David is Forbidden to Build God a House
This chapter records the covenant God made with David, promising to carry on David’s line forever. This promise would be fully realized in the birth of Jesus Christ. Although the word covenant is not specifically stated here, it is used elsewhere to describe this occasion (23:5; Psalm 89: 3, 4, 28, 34-37).
Verse 2 – This is the first time Nathan the prophet is mentioned. God made sure that a prophet was living during the reign of each of the kings of Israel. However, most of the kings rejected the prophets God sent. In earlier years, judges and priests had the role of prophets. Samuel served as judge, priest, and prophet, bridging the gap between the judges and the monarchy.
Verse 5 – In this message from Nathan, God told David that his job was to unify and lead Israel and destroy its enemies. This huge task would require David to shed a great deal of blood. In 1 Chronicles 28:3, we learn that God did not want His temple built by a warrior. Therefore, David made plans and collected the materials so that his son Solomon could begin work on the temple as soon as he became king (1Kings 5-7). Sometimes God says no to the plans we have made. When He does, we should utilize the other opportunities He gives us.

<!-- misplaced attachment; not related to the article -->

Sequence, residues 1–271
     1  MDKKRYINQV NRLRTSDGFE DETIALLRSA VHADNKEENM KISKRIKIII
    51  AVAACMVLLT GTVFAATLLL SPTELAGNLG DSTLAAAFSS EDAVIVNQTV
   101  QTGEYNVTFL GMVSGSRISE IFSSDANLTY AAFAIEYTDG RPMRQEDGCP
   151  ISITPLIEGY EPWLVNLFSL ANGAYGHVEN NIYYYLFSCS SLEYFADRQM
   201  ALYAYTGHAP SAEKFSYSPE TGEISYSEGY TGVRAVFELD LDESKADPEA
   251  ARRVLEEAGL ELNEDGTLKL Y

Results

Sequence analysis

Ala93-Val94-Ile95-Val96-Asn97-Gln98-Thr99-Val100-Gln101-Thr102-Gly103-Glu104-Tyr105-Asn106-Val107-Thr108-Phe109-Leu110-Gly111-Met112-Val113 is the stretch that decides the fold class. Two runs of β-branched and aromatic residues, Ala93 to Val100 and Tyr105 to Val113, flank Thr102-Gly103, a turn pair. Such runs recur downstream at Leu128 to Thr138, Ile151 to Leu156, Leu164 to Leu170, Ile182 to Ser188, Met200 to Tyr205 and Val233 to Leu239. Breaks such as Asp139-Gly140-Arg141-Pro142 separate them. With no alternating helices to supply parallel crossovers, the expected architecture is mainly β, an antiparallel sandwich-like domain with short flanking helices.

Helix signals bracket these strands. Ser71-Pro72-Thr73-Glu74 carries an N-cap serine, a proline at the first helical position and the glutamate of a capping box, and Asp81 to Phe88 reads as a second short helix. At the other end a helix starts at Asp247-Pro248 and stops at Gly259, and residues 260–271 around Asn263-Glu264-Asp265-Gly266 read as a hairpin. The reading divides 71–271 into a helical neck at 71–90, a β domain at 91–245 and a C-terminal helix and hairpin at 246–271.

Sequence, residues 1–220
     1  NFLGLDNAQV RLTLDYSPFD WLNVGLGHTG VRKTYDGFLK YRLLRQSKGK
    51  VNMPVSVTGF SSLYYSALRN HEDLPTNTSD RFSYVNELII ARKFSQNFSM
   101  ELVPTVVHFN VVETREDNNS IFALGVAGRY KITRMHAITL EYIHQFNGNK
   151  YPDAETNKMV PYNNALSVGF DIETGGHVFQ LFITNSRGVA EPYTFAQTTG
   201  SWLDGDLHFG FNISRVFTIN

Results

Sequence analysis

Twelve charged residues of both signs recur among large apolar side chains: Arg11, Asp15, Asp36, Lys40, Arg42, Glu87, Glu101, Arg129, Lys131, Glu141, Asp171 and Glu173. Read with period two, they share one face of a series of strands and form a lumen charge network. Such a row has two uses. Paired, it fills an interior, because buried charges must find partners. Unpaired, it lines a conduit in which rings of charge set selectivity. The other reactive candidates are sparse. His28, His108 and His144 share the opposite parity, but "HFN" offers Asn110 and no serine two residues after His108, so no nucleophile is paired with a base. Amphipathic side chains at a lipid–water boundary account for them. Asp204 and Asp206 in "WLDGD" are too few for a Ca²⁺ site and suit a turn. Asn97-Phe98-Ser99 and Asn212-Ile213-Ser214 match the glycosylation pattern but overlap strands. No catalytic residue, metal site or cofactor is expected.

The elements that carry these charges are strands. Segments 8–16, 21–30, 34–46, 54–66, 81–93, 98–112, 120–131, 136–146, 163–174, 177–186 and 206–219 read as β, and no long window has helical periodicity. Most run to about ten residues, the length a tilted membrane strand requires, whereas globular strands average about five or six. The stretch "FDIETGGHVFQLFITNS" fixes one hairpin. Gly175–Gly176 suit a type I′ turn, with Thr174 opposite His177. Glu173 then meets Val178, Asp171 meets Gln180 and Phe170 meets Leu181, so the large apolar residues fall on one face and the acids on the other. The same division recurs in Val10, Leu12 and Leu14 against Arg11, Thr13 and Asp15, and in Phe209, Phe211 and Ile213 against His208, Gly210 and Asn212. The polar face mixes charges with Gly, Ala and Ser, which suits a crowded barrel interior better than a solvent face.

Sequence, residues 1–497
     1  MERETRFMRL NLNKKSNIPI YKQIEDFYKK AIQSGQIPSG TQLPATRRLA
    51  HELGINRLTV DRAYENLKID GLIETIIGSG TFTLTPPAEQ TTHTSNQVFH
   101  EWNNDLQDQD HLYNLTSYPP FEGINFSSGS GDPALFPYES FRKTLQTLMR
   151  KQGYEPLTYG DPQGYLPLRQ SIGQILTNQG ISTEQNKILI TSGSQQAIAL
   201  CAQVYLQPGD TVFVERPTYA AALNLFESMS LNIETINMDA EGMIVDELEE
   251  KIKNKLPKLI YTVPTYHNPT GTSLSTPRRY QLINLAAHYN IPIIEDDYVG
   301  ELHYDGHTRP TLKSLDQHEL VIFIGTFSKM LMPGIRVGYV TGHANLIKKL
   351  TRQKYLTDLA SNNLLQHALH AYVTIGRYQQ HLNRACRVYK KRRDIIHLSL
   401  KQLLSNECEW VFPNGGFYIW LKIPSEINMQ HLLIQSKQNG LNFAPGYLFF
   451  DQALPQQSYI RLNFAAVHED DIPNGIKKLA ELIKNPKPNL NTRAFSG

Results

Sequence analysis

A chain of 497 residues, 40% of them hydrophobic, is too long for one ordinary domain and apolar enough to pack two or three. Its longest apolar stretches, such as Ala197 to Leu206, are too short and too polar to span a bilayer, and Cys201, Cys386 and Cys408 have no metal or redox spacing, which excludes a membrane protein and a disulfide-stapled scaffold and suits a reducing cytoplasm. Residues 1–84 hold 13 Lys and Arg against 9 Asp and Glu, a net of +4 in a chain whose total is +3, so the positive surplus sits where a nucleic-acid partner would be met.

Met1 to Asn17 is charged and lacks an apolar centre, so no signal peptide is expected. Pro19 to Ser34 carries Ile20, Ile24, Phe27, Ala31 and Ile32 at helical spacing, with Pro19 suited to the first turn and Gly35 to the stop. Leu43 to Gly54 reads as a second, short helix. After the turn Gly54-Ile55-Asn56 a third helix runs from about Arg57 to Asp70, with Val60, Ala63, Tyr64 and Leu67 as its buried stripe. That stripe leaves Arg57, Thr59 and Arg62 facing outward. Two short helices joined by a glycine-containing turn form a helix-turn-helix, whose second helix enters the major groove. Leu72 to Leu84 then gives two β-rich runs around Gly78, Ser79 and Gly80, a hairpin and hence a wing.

Verses 8-16 – God’s answer of no to David in him building His temple, was not a rejection of David. In fact, God was planning to do something even greater in David’s life than allowing him the prestige of building the temple. Although God turned down David’s request, he promised to continue the house (or dynasty) of David forever. When there is a “no,” from God in our plans, sometimes God is directing us to a greater purpose. His ways are better; His ways are perfect.
Verses 18-23 – These verses record David’s gratefulness and his humble acceptance that these blessings were not only for him but also for his descendants in order that Israel might benefit from them. Through the nation of Israel, the whole world would be blessed (Genesis 12:1-3).